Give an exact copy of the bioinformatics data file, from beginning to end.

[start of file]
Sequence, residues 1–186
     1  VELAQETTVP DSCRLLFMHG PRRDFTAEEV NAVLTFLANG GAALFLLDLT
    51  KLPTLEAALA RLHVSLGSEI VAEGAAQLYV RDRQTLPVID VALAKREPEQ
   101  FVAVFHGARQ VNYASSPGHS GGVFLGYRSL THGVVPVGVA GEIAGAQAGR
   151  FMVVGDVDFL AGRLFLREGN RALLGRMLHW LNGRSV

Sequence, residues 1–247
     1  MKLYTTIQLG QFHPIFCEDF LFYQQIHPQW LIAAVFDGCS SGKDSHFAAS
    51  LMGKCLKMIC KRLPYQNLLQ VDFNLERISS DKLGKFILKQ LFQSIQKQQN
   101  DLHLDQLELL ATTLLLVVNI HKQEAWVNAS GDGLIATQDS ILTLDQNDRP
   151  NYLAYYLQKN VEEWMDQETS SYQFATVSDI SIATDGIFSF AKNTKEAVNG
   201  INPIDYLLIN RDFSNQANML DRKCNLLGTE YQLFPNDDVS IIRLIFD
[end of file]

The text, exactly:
Sequence, residues 1–186
     1  VELAQETTVP DSCRLLFMHG PRRDFTAEEV NAVLTFLANG GAALFLLDLT
    51  KLPTLEAALA RLHVSLGSEI VAEGAAQLYV RDRQTLPVID VALAKREPEQ
   101  FVAVFHGARQ VNYASSPGHS GGVFLGYRSL THGVVPVGVA GEIAGAQAGR
   151  FMVVGDVDFL AGRLFLREGN RALLGRMLHW LNGRSV

Sequence, residues 1–247
     1  MKLYTTIQLG QFHPIFCEDF LFYQQIHPQW LIAAVFDGCS SGKDSHFAAS
    51  LMGKCLKMIC KRLPYQNLLQ VDFNLERISS DKLGKFILKQ LFQSIQKQQN
   101  DLHLDQLELL ATTLLLVVNI HKQEAWVNAS GDGLIATQDS ILTLDQNDRP
   151  NYLAYYLQKN VEEWMDQETS SYQFATVSDI SIATDGIFSF AKNTKEAVNG
   201  INPIDYLLIN RDFSNQANML DRKCNLLGTE YQLFPNDDVS IIRLIFD